Firstly, to use a product, you will have to know what it is. Asterisk is an Open Source PBX telecommunication platform. It is flexible because it is able to run on different operating systems – Windows, Linux, Mac OS X, Open BSD, etc. Only basic software is required. Asterisk comes with high end features like IVR, voice mail, automatic call distribution, etc. It is highly programmable and it able to handle VoIP calls over multiple VoIP protocols.
You are able to easily integrate PSTN with VoIP. Asterisk also allows mix match of analog, IP and digital phones. Even if you have no knowledge of how to change from traditional PBX to Asterisk, fear not! Asterisk allows you to migrate from traditional PBX easily. It gives the user a complete control of telephony. What’s more, it is free! It is licensed under the GPL open source. A commercial license version is also available.
I quote, Joshua Stephens, CEO of Switchvox, “With Asterisk, you can build any phone system you want. It’s irreplaceable when you need custom programming. It lets you build PBXs with the kinds of features that otherwise would cost many tens of thousands of dollars.”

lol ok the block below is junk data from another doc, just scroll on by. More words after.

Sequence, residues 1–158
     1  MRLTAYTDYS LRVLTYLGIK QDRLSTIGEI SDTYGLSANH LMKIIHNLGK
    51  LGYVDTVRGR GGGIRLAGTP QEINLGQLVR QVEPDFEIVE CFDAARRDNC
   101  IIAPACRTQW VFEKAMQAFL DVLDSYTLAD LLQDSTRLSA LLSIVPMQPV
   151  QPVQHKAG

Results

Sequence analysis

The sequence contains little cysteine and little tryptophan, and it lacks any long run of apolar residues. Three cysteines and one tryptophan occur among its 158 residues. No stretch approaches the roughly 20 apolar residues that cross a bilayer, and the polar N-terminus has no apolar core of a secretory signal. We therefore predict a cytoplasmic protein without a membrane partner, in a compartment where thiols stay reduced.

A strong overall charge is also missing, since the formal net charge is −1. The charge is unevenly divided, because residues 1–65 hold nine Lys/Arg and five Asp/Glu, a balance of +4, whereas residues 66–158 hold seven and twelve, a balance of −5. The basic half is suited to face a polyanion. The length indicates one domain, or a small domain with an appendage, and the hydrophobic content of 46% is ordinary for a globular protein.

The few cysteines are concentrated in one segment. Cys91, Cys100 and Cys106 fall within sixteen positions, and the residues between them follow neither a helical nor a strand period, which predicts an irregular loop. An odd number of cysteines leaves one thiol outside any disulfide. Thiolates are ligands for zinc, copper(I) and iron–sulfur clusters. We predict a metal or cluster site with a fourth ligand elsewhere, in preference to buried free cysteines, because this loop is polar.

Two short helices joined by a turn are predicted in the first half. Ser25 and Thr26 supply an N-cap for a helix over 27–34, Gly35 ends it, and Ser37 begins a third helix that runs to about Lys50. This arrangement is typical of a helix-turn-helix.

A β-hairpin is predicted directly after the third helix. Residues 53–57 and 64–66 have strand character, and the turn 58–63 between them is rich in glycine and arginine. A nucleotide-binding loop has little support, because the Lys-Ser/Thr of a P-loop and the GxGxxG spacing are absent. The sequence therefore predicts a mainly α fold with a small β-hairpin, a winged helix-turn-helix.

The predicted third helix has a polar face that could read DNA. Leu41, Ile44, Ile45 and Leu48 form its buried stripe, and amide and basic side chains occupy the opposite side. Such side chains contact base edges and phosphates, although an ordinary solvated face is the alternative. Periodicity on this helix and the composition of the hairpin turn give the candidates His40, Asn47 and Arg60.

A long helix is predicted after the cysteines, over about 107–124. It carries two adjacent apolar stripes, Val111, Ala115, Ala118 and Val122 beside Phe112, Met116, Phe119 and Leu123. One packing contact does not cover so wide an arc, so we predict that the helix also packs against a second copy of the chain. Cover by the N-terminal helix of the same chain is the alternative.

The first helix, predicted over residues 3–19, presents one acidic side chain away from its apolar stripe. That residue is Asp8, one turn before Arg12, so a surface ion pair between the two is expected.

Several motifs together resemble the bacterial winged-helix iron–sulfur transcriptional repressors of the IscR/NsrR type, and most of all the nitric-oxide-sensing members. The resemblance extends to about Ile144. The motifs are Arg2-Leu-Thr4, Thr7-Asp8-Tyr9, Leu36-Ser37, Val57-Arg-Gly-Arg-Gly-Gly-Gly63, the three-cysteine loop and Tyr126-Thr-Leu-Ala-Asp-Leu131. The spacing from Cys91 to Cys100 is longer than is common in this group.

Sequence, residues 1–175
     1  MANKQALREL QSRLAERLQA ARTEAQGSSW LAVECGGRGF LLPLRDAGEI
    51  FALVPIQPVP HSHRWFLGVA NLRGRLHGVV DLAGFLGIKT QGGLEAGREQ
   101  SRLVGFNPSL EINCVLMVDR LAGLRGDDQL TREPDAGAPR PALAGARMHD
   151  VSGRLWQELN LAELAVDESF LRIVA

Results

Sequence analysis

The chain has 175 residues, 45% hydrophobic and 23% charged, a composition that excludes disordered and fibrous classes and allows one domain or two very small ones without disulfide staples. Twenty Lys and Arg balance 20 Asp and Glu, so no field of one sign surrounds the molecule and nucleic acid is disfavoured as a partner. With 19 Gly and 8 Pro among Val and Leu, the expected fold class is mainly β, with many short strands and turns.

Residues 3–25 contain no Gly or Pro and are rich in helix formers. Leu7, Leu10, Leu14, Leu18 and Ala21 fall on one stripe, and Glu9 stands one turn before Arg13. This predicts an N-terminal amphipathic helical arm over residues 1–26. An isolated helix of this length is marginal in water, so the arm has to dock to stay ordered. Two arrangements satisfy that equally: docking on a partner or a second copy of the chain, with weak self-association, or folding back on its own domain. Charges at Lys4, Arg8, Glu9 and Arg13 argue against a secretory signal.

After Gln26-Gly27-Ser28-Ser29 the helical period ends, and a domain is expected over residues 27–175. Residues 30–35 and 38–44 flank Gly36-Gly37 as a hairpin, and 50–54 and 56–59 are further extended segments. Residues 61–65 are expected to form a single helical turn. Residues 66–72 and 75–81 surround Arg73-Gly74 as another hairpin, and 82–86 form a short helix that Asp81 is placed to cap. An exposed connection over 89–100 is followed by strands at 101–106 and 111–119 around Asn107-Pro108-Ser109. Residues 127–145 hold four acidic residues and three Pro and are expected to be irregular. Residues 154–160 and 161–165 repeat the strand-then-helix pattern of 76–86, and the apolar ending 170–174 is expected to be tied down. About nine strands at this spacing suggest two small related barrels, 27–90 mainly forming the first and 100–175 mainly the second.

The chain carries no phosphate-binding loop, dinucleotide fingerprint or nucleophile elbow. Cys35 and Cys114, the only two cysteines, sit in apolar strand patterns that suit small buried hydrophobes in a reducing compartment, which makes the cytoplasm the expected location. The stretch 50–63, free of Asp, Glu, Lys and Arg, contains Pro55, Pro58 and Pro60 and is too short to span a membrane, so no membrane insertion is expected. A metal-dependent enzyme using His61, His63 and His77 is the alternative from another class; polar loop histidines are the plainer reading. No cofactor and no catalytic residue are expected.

Just like any other open source project, the need for Asterisk was also there. It started with Mark Spencer, creator of Asterisk. Mark felt traditional PBX was too expensive for his business, and started writing software, which was the first version of Asterisk. In actual fact, voice lines can hook up to PC via expansion cards and process itself by software.
Mark teamed up with Jim Dixon to build inexpensive expansion cards for inexpensive PCs to interface with PSTN. These inexpensive expansion cards are known as Digium PCI cards. Today, Asterisk is the de facto standard for voice switching and PBX functions in open source space.
Asterisk allows one to take control of their phone system, and the costs are very low. It allows you to integrate with business systems or existing PBX and it is in an easy development environment. Asterisk is not tied down by proprietary systems and it comes with a powerful and flexible dial plan. You can have advanced telephone features for a low cost access.
The customer has a lower deployment cost and has freedom for him in the network implementation. It frees the customer from single vendor dependency, and eliminates upgrade-path costs. The calls cost less, and provides the alternative avenues for support big fixes.
The supplier benefits from the broad base of potential users, with a technically savvy user base. Because the existing software is very expensive and the need for extreme customization, customers would take an easy way out and leave it all to the supplier. The supplier has a potential hardware market and there is a strong advantage for entering the fast expanding convergence market.